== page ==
(HyperText Transfer Protocol) The communications protocol used to connect to Web servers on the Internet or on a local network (intranet). Its primary function is to establish a connection with the server and send HTML pages back to the user's browser. It is also used to download files from the server either to the browser or to any other requesting application that uses HTTP.|
Addresses of Web sites begin with an http:// prefix; however, Web browsers typically default to the HTTP protocol. For example, typing www.yahoo.com is the same as typing http://www.yahoo.com. In fact, only yahoo.com has to be typed in. The browser adds the rest.
HTTP vs. HTTPS
With HTTP, the Web page is transmitted without any encryption. However, HTTPS (HTTP Secure) is used to encrypt sensitive data such as credit card and social security numbers (see HTTPS).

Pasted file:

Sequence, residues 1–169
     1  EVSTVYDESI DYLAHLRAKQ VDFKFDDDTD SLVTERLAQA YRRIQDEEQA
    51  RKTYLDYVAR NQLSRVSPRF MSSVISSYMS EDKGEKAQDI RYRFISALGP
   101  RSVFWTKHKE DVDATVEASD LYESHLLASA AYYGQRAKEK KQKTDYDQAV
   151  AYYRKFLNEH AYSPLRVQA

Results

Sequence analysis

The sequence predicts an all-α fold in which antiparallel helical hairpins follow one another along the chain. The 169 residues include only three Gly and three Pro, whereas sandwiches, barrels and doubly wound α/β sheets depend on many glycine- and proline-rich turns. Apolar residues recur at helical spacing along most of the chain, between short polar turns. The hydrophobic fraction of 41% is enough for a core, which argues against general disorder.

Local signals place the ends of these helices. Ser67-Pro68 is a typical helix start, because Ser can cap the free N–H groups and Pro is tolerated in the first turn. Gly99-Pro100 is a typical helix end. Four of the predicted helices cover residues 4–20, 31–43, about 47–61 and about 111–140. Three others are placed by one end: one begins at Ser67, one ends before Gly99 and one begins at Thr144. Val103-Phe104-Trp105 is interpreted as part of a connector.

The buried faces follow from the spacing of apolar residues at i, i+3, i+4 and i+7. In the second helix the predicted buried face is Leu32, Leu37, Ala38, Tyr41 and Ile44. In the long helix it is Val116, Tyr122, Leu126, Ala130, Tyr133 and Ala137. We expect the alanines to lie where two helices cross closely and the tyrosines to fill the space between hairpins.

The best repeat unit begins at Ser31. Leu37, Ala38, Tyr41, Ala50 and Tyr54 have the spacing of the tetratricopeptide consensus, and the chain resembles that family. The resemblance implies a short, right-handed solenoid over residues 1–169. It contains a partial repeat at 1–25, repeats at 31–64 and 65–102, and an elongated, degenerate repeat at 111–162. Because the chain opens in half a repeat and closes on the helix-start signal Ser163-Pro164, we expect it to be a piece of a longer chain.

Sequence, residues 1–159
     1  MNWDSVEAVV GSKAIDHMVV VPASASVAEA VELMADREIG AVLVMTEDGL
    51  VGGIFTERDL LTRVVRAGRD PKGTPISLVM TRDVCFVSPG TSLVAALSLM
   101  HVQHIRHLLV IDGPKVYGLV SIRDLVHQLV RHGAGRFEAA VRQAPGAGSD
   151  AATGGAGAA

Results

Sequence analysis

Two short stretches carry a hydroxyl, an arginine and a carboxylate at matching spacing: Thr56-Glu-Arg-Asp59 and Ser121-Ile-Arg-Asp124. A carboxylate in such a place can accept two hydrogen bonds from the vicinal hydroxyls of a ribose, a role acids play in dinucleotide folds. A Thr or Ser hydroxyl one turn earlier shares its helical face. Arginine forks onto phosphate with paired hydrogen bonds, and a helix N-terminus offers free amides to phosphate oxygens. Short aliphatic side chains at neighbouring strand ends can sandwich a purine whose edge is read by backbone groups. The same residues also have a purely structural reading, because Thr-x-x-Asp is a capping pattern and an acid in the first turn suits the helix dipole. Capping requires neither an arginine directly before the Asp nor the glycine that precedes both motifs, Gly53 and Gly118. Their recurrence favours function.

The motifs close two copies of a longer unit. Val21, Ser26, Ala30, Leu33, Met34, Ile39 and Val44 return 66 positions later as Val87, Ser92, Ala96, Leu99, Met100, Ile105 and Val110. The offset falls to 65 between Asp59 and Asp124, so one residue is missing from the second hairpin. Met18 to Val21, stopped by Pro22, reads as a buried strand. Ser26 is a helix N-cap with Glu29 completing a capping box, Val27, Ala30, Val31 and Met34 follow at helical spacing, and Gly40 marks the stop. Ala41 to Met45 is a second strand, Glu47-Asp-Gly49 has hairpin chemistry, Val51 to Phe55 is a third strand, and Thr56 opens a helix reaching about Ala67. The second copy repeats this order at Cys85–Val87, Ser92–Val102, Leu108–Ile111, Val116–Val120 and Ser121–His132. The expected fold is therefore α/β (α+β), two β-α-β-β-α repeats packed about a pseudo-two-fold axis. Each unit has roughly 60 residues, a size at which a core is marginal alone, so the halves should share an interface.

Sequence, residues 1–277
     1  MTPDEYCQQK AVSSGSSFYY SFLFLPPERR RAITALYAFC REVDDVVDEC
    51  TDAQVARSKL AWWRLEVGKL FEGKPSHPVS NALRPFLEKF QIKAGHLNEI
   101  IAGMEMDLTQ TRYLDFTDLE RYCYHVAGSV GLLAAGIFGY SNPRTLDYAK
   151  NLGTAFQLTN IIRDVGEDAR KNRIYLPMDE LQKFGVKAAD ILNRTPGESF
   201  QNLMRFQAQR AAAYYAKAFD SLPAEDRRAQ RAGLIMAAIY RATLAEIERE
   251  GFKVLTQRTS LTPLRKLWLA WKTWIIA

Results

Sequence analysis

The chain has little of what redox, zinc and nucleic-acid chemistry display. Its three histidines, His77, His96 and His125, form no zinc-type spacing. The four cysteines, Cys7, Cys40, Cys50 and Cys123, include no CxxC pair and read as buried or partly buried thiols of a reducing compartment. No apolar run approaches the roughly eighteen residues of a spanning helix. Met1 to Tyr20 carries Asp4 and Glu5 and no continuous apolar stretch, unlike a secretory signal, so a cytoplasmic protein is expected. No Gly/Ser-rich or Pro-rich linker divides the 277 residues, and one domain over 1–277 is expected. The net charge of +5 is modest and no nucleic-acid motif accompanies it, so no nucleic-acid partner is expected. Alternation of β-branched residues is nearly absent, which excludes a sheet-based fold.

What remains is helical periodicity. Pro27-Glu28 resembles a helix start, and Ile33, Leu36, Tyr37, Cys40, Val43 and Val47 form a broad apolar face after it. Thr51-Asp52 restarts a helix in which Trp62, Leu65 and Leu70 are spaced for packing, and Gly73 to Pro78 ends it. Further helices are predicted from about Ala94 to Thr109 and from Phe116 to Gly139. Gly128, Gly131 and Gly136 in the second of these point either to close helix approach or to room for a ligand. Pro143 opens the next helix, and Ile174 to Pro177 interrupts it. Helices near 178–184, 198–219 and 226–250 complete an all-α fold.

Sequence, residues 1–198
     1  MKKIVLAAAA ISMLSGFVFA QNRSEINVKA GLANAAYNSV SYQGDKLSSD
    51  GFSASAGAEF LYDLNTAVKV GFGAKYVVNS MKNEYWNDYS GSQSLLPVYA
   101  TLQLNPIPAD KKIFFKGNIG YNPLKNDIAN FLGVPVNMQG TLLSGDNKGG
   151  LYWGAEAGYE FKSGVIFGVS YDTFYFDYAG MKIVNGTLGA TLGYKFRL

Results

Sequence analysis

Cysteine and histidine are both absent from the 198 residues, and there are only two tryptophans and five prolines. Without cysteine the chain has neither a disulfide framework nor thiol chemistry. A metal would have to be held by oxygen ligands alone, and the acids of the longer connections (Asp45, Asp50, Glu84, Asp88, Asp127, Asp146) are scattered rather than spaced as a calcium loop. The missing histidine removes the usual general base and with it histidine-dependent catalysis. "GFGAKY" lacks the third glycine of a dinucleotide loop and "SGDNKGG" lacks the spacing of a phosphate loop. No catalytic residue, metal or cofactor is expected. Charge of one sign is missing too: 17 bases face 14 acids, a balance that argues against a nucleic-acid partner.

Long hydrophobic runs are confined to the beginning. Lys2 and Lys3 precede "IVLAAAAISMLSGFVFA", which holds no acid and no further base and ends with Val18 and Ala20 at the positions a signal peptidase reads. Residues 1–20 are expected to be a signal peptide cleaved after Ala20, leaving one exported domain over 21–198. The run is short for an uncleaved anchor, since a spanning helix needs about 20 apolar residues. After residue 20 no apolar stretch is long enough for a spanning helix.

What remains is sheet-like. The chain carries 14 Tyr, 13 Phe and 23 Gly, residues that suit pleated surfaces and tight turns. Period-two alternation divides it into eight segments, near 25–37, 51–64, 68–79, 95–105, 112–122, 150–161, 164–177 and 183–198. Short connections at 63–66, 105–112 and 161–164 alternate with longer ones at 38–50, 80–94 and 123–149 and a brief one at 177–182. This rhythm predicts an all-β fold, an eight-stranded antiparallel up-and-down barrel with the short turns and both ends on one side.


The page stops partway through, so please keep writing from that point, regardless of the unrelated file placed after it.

A Stateless Connection
HTTP is a "stateless" request/response system. The connection is maintained between client and server only for the immediate request, and the connection is closed. After the HTTP client establishes a TCP connection with the server and sends it a request command, the server sends back its response and closes the connection.
The first version of HTTP caused considerable overhead. Each time a graphics file on the page was requested, a new protocol connection had to be established between the browser and the server. In HTTP Version 1.1, multiple files could be downloaded with the same connection. It also improved caching and made it easier to create virtual hosts (multiple Web sites on the same server). See HTTP header and cookie.
Web browsers communicate with Web servers via the TCP/IP protocol. The browser sends HTTP requests to the server, which responds by sending back headers (messages) and files (HTML pages, image files, Java applets, etc.). See